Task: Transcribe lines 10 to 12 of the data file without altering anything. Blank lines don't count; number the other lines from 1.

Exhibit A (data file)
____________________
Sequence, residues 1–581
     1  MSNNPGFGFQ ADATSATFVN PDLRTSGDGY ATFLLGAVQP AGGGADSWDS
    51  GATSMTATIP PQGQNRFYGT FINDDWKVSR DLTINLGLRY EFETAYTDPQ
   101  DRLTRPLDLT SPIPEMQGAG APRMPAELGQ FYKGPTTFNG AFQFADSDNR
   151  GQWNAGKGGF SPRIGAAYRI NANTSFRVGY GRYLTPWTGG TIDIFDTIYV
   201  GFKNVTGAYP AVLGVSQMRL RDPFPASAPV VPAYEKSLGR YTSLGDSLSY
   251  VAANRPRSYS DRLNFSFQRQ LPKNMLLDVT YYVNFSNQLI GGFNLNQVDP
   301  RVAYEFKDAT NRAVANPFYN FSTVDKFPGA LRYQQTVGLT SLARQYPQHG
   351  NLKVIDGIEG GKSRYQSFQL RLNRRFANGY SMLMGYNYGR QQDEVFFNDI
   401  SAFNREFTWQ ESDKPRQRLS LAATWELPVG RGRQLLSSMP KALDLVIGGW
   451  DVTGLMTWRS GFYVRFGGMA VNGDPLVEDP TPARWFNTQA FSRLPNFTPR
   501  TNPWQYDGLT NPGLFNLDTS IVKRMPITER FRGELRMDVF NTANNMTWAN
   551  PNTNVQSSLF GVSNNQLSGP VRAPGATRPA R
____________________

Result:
   401  SAFNREFTWQ ESDKPRQRLS LAATWELPVG RGRQLLSSMP KALDLVIGGW
   451  DVTGLMTWRS GFYVRFGGMA VNGDPLVEDP TPARWFNTQA FSRLPNFTPR
   501  TNPWQYDGLT NPGLFNLDTS IVKRMPITER FRGELRMDVF NTANNMTWAN